galactic politics fluctuating allegiances between humans, aliens (some extinct, some formerly extinct, and some
who will be), and "abandoned" robots -- a monument so grand that it took seven books to bridge them. Now
in Veiled Alliances, he has returned to his saga to tell of its origins in preparation for a
new series that picks up where the last left off.
Six-Guns Straight from Hell edited by David B. Riley and Laura Givens
reviewed by Sandra Scholes
This anthology is a volume of twenty
stories that feature science fiction, horror and the wild, Wild West. In these settings, cowboys, sheriffs and
other humans have to fight off countless monsters in the guise of vampires, wizards, alchemists, zombies and
other dark-hearted devils.
The Magazine of Fantasy & Science Fiction, November/December 2011
reviewed by Sandra Scholes
The Magazine of Fantasy & Science Fiction gets straight to it with a tasty novelette, "Under Glass" by
Tim Sullivan; who sees everything with a writer's vision of the future we have never known yet or at least until
it is too late.
This issue concentrates on Carolyn Ives Gilman's novella "The Ice Owl," with the front cover (by Kent Bash) depicting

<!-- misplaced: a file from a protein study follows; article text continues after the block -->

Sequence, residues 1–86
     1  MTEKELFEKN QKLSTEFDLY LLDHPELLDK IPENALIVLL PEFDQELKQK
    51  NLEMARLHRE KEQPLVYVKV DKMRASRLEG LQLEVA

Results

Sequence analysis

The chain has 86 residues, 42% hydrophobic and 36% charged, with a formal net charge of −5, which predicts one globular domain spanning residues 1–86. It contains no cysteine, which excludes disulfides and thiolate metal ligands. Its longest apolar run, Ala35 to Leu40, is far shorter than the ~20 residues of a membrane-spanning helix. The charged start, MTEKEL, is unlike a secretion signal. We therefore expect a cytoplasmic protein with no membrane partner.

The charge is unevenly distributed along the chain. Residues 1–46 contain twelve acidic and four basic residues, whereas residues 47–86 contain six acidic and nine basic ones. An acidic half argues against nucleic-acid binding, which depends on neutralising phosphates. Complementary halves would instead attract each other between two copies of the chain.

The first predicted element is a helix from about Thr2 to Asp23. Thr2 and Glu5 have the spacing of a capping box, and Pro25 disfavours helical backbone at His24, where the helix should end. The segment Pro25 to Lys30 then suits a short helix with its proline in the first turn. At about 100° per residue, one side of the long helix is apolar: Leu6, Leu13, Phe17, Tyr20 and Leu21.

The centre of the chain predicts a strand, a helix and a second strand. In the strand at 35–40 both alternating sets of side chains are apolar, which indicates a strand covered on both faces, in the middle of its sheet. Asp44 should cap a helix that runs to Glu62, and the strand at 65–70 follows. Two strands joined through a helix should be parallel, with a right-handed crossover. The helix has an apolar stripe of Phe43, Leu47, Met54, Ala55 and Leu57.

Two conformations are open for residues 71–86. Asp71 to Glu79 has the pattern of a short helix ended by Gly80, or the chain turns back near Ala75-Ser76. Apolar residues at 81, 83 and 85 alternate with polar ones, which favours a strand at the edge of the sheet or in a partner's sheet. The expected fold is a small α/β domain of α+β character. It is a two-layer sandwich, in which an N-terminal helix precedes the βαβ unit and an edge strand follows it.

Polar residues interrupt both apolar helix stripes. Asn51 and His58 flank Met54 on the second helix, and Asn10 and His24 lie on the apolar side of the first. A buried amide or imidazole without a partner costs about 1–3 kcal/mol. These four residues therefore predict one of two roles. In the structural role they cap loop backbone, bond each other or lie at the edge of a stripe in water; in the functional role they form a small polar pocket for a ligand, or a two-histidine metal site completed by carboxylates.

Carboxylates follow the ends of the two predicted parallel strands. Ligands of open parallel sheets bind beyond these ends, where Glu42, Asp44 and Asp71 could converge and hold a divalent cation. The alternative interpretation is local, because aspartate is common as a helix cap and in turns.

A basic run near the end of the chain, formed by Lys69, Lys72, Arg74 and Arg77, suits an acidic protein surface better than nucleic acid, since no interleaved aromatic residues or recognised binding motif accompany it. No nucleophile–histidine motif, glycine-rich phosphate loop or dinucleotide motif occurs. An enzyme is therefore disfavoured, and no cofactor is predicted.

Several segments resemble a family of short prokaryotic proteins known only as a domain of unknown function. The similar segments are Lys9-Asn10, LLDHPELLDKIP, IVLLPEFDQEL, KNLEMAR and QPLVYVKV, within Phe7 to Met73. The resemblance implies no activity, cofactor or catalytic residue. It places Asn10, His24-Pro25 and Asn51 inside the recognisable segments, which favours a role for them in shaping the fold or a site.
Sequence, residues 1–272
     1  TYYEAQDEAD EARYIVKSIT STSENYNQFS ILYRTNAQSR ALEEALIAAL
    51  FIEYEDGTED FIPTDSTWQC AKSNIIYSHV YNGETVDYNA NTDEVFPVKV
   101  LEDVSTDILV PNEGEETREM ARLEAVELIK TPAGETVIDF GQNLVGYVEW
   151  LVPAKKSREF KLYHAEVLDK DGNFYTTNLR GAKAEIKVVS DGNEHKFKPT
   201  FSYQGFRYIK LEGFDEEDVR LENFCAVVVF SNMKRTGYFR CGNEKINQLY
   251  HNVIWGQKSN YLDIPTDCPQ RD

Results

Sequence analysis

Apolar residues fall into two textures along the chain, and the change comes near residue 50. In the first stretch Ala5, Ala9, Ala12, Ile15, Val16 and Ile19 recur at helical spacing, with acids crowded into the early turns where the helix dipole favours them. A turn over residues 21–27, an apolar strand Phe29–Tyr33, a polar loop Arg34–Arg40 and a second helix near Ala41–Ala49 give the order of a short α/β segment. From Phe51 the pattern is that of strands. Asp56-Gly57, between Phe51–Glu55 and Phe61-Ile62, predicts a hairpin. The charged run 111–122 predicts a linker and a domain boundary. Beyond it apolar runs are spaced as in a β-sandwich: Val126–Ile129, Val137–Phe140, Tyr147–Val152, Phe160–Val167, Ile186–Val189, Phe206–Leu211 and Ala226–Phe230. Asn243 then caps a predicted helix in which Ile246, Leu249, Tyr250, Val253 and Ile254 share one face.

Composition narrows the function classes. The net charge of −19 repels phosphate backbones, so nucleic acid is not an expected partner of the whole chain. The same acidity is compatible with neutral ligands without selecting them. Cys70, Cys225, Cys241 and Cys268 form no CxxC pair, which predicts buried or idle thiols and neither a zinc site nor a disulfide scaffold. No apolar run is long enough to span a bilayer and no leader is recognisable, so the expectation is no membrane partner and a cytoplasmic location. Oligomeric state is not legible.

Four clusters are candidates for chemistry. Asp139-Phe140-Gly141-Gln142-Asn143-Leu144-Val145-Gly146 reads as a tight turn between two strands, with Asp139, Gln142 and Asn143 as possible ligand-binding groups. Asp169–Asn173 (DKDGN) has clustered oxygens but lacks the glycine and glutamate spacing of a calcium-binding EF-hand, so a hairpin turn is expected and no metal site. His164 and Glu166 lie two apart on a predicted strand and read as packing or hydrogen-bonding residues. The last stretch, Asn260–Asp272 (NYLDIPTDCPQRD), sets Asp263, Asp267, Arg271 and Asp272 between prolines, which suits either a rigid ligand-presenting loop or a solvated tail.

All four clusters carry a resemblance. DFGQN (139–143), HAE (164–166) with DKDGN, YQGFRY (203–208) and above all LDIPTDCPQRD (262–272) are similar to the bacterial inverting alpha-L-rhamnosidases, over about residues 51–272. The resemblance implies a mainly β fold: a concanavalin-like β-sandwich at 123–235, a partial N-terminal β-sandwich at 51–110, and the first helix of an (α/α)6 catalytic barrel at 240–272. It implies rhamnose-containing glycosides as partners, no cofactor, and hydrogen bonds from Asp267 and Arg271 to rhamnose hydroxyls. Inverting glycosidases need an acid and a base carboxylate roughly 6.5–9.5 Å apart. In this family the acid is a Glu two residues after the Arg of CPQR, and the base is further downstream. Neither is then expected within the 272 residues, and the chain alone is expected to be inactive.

the arid, saffron landscape perfectly.
Rivers of London by Ben Aaronovitch
reviewed by Nathan Brazil
The central character is Peter Grant, a young, mixed race British PC, who encounters something supernatural during the course of his
duties; specifically, a talking ghost. Taking this in his stride he is soon immersed in a world where magic is real,
and supernatural critters a fact of life. So far, not much different to a dozen other titles, you may think. However,
as with the majority of fiction, the difference is not in a well trod theme, but all about the skill and imagination
displayed in its execution.
The Tiny Book of Tiny Stories: Volume 1 by Joseph Gordon-Levitt
The Stormlord Trilogy by Glenda Larke
reviewed by Seamus Sweeney
Virginia Woolf famously said that throughout history, the author "Anonymous" was usually a woman. An equal if not
greater case could be made that Anonymous was usually more than one person. While the pendulum of scholarly
opinion as to whether there really was a historical individual called Homer who wrote the epics now attributed
to that name goes back and forth, there can be little doubt that many of the classics we enjoy were collaborative efforts.
Penumbra by Eric Brown
reviewed by David Maddox